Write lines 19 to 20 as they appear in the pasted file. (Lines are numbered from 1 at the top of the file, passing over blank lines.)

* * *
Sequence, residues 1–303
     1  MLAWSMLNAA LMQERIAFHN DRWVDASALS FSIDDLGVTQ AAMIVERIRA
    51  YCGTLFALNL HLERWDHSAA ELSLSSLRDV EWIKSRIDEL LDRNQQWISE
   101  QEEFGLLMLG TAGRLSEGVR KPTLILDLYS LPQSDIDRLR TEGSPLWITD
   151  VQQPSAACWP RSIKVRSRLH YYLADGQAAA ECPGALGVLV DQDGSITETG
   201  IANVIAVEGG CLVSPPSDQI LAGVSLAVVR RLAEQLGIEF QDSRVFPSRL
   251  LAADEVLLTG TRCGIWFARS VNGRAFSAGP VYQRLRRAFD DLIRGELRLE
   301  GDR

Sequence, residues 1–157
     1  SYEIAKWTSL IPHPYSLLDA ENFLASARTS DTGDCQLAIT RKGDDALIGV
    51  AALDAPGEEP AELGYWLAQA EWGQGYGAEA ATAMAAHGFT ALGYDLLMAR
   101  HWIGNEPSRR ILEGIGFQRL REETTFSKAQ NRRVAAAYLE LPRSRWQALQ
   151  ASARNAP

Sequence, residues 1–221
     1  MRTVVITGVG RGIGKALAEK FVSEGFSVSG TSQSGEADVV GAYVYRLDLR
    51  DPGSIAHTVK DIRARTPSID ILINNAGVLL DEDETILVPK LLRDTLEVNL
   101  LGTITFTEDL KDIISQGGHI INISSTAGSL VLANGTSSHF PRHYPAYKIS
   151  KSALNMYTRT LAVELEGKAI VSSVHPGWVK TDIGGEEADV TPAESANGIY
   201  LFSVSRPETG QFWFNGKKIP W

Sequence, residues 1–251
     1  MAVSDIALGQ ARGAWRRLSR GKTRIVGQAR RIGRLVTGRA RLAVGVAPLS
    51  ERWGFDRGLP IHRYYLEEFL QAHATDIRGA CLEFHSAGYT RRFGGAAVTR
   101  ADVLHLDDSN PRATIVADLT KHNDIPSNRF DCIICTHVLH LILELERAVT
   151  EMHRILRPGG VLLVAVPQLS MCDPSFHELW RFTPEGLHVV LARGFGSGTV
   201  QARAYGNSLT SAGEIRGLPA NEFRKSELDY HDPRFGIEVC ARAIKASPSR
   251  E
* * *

   201  LFSVSRPETG QFWFNGKKIP W

Sequence, residues 1–251